After the big one, World War II, S&W quickly transitioned back to civilian and police production from its previous military production. Many of those S&W M&P .38 Specials rode out their duty hours on a street cop’s belt. It was a popular revolver for uniforms because it worked. The old saying was “six for certain.” Many times, after shooting it and cleaning it, I’d study the old gun and think again, “If it could only talk”.

Handling the old revolver, I’d wonder not only about the officer to whom it was issued, but where he served. Was he young back then, like the gun, whose newness was reflected in the deep blue of the metal and the sharpness of the checkered wooden grips? Was he working in Boston, where he’d probably have been Irish or maybe Fargo, N.D., where he’d have been Norwegian or maybe German?

Odds are he’d have been a returning veteran, having served in WWII or maybe Korea or both. He’d have memories of growing up during the “Dirty Thirties” and growing up working class, understood what the real impact of the Great Depression was. He was probably really proud to have done his service for this country. When he returned to civilian life, unlike many of his contemporaries, he had a job in a respected profession with the security of a regular paycheck. Things many of our spoiled millennials proclaim disdain for these days.

It probably didn’t take long to knock the new off the gun, or the man wearing it. Likely, when he showed up for his first roll call, a shift sergeant called over an older patrolman and told him to let the newbie ride with him for a few weeks and, for God’s sake, don’t get him killed. He, like most of us, probably didn’t notice the years passing by, while the revolver slowly started to show the effects of constant holster wear. The wear was covered up with an occasional touch-up of cold blueing as best it could be, same as the stress of the job and eventual scars of a life of public service remained concealed beneath a freshly pressed uniform.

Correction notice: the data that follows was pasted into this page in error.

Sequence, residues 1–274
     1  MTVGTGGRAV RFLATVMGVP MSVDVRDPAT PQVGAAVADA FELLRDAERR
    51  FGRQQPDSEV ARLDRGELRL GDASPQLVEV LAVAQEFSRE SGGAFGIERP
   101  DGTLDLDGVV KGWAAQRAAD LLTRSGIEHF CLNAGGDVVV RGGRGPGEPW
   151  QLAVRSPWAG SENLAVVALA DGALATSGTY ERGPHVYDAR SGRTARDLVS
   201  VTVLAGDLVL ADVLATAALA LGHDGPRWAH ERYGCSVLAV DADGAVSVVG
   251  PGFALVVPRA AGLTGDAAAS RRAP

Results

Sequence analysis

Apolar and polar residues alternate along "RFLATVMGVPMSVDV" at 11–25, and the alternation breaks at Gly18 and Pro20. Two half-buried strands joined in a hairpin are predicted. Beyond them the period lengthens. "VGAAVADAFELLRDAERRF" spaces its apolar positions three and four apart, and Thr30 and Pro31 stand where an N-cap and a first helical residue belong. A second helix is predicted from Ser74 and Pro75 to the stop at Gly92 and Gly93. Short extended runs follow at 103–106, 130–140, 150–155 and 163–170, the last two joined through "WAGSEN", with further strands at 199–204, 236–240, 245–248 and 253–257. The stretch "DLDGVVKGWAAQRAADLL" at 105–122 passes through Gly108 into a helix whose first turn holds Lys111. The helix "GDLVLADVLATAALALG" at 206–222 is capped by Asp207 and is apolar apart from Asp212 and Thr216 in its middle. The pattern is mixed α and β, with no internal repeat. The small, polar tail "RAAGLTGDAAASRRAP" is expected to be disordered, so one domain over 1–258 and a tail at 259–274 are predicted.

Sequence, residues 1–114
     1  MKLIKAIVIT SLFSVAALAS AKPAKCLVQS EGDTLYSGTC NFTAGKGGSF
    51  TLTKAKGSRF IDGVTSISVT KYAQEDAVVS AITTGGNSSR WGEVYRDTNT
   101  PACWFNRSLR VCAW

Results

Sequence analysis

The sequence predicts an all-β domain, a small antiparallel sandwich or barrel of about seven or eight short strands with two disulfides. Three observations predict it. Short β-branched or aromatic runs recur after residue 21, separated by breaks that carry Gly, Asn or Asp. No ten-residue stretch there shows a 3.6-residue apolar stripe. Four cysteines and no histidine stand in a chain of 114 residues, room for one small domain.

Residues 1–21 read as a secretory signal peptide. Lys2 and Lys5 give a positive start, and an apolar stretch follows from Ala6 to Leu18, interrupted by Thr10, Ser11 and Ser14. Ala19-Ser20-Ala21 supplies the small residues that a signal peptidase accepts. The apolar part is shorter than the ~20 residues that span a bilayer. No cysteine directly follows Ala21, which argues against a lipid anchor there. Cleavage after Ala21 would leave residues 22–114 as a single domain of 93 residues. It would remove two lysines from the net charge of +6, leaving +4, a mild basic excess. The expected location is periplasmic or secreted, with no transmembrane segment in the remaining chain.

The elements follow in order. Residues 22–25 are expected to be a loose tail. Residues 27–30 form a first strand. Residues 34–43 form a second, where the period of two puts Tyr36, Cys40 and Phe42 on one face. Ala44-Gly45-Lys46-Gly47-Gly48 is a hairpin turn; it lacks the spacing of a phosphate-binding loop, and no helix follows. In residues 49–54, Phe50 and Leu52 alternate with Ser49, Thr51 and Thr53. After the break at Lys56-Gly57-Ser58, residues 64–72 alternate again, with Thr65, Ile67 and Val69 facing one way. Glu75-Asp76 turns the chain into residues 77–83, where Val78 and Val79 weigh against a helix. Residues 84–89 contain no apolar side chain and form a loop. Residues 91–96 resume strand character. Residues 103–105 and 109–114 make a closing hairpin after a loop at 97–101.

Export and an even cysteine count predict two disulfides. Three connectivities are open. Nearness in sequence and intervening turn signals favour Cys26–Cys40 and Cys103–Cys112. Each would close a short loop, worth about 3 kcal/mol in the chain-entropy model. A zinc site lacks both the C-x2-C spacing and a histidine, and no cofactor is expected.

I wonder if you were like Officer Macintosh, back when I was growing up in a “north of the tracks” neighborhood. You could say he was like my mentor, or even a guardian angel in blue and gray. Except for the fights. Kind of an every week sort of thing and I swear he and his partner would even be betting on the outcome before Mack stepped in. Sometimes he’d even let me win.

Whoever you were or are, I hope you had a great family and time for Thanksgiving and Christmas and birthdays together. I know you couldn’t always be there because sometimes you were busy bailing an over-adrenalinized red-headed kid out of the pickle he’d gotten himself into. Or just making sure the good folks in town could sleep well each night. You always had our backs, even when we fidgeted under your attention occasionally.

Yeah, whoever you are or were, I’m proud to be the custodian of your old duty revolver for a few years. I’ll take good care of it and even take it out for a walk and some exercise on occasion. Hopefully it’ll be as comforting to me as it was to you when the streets were dark and ominous shadows flitted through the back alleys.

Trust me, LEOs aren’t the bad guys, unless you are.